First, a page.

The book is filled with descriptions that draw you in and characters that make you want to meet them in reality with deeper and deeper characterizations. Subtly Penny weaves the details and grabs you by the throat until you can't put down the book until you know the answers to the questions that have you on the edge of your seat.
- Welcome to the weekly feature hosted by Tina at Tutu' s Two Cents. Use Random.org to pick a book from our library shelves (real or virtual) and bring it out into daylight. To join in, pick a random book from your library and tell us:
- #of pages,
- (tags, and collections if LT)
- why that book is in your library,
- (how and when you acquired the book)
- whether you've read it or not if so did you like it and why;
- if not, do you plan to read it?
Well, I have 355 books in my library (books that I actually own) and the random number today is 84 -
Title: Slightly Dangerous
Author: Mary Balogh
# of pages - 400
Tags & Collections - Romance,2007, READ, OWNED, Favorites
Acquired - 2007
SLIGHTLY DANGEROUS is the final book in Mary Balogh's Bedwyn Slightly series. I read each one of them in order and it is the perfect ending. If you have read the others, you will enjoy this one, even more you will grin- and in several locations laugh out loud.
Read: Nov 11 - 16
Source: Public Library
We return to Venice in this second of the series featuring Commissario Guido Brunetti as he is confronted with the death of a young American and a possible suicide of the doctor who identified the body. Since Brunetti's superior, Patta, wants the murder of the American resolved quickly, Guido goes to the American Army base in Vicenza to gather information on the victim and to try to determine why he was killed. When later he is handed on the case involving a mugging of a VIP and theft of expensive art, little does Guido know that the cases are connected and will result in an unusual ending.
I really enjoy these mysteries because Donna Leon serves up the clues in a slow and subtle way so that that the reader is going at exactly the same pace as the character. She delicately weaves the story introduces each element that is needed to resolve the mystery at the same time giving it the necessary importance and details to push the reader forward. Her interconnection of the characters and the story is quite masterful.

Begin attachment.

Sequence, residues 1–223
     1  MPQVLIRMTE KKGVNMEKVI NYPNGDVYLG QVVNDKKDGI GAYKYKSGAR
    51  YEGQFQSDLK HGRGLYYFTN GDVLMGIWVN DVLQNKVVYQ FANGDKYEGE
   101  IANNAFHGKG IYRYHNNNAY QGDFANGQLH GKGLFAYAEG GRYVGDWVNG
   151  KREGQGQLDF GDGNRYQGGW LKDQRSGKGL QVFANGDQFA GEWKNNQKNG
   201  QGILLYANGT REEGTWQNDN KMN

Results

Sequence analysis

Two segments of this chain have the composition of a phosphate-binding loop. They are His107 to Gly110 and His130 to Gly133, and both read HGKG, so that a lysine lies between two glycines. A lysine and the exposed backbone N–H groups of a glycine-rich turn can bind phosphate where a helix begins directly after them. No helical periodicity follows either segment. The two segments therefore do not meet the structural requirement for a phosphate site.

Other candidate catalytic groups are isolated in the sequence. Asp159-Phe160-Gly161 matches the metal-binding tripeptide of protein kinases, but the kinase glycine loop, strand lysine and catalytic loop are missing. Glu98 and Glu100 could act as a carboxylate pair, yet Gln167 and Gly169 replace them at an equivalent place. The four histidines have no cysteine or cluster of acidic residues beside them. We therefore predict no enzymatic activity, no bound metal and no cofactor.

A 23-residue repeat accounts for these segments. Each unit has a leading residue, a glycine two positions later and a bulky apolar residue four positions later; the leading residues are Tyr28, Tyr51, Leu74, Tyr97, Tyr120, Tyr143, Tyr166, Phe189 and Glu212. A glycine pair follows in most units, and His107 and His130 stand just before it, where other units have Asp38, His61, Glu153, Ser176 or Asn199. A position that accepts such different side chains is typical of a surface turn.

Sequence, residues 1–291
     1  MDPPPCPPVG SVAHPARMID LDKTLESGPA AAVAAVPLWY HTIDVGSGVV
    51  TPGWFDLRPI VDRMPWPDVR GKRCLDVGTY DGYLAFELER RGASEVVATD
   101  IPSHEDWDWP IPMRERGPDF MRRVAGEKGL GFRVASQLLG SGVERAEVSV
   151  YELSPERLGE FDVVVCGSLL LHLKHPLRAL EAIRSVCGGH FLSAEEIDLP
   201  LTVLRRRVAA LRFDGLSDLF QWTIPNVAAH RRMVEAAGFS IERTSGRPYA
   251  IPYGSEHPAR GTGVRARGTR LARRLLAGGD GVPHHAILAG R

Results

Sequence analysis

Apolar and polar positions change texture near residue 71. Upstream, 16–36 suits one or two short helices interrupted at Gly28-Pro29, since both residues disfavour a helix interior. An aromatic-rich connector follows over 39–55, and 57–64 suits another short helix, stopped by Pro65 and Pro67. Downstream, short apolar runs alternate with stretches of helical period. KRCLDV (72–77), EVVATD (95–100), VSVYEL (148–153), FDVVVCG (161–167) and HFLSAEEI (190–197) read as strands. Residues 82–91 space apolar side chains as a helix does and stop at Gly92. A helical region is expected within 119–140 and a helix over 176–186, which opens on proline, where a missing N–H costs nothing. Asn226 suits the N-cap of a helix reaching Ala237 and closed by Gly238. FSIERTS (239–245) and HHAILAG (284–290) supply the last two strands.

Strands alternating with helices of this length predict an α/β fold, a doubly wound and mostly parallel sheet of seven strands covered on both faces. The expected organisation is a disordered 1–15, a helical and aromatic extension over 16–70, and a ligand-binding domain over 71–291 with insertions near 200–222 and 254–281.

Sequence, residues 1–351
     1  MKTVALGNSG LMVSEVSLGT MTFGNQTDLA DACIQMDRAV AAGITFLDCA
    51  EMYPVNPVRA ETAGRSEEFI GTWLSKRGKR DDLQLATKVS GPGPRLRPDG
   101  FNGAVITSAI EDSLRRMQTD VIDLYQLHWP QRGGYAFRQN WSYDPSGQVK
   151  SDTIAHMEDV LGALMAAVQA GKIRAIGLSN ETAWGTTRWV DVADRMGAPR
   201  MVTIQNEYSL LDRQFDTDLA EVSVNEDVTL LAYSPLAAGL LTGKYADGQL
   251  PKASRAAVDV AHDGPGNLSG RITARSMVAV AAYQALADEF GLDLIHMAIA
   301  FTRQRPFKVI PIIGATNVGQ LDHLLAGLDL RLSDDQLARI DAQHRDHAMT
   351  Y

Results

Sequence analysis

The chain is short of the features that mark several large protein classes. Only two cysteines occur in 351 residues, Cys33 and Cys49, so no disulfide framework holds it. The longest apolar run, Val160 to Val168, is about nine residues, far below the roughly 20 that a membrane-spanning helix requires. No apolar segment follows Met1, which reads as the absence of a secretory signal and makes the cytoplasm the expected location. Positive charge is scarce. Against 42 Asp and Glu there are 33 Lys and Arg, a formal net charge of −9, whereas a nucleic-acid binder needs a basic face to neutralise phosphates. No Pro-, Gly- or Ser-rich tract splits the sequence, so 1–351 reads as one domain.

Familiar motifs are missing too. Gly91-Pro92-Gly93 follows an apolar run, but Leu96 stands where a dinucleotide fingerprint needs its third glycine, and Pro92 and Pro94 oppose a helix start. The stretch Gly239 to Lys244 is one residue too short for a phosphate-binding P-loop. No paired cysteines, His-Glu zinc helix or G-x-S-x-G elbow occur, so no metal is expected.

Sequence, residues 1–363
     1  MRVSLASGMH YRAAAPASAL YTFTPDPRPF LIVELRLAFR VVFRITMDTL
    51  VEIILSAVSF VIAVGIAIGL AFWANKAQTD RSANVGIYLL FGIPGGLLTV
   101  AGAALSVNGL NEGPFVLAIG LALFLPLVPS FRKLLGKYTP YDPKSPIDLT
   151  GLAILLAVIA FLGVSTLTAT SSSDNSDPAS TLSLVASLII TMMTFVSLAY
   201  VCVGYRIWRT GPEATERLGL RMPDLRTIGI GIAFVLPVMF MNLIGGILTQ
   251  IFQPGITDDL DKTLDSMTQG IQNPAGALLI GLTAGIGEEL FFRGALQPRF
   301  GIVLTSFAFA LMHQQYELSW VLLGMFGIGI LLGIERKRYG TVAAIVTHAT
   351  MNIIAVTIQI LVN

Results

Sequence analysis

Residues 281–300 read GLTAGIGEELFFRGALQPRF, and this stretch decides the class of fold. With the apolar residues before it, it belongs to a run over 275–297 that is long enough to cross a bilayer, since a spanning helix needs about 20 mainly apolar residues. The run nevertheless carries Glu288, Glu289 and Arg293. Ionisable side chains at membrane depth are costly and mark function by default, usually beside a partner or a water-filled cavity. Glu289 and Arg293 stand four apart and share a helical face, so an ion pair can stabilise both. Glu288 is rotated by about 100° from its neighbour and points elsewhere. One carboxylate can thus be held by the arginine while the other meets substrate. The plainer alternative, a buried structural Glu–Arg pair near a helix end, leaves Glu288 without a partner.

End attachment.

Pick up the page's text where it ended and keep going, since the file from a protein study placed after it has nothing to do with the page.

I have to admit that this story was so well-written that at times I truly believed that it could be happening and that really seemed so real that I wonder if Ms. Leon knows something that we all don't. Should we all be so trusting of a foreign government that doesn't behave the way we want? Should any country have carte blanche to behave in a manner that is not to the betterment of all mankind? This book definitely posed so very interesting questions about our or any society and made me stop and wonder. At the same time as I am wondering, I was wishing that I could visit all the places that she described with such vivid preciseness - the beauty of the city with the contrasts of its problems, oh well, maybe someday.
I had so much fun with my first giveaway that when I got a chance to get 2 copies of the book (1 for me and 1 for you) by Simon Cox titled Decoding the Lost Symbol, I had to grab it. I don't know about you, but I always seem to miss some little detail in books like The DaVinci Code or Angels and Demons. I'm hoping that this book will clear up any little details that my pea brain didn't catch the first time or will miss altogether. Hope you feel the same way too.
Can we compare The Lost Symbol with The DaVinci Code and Angels & Demons?
Simon Cox says "The Lost Symbol is a thriller that keeps Robert Langdon on his toes and involves some big themes and historical enigmas. However, it's the deeper, more hidden elements of the book that will have the most impact over time. Between the lines of the novel, Dan Brown has attempted to write something akin to a hidden Hermetic text. It's a bold and ambitious undertaking. Indeed, the last ten chapters of the book and the epilogue are more or less an extended treatise on Deism, Hermetic thought, and religious tolerance. "
"The Freemasons are the secret society of choice this time around. There will be those who see Freemasonry as a covert, sinister movement intent on power and blasphemy. Many commentators thought that the Masons would, in effect, be portrayed as the "bad guys," but this is not the case. In fact, Brown makes a convincing argument for Freemasonry being a tolerant and enlightened movement with some interesting and forward-thinking ideas. "
This book should give special insights to the newest Dan Brown book. Read it before you get your hands on the Lost Symbol or after, to explain all the little details you may have missed.
So let's make this fun... to enter, click on comments below and:
- Leave a comment - let me know if you've ever missed a point of interest in a book that someone else pointed out to you later.
- Leave another entry if you're a follower (or become a follower and tell me.)
- Blog about the contest and leave me a link in a third comment. (sidebars are OK).
- No PO Boxes, US residents only. (sorry non-US residents)
- One of your entries (or your blog profile) must have an email address so I can contact you.
- Contest ends December 15th. If I cannot contact the selected winner, I will choose again.
Read: Nov 3 - 9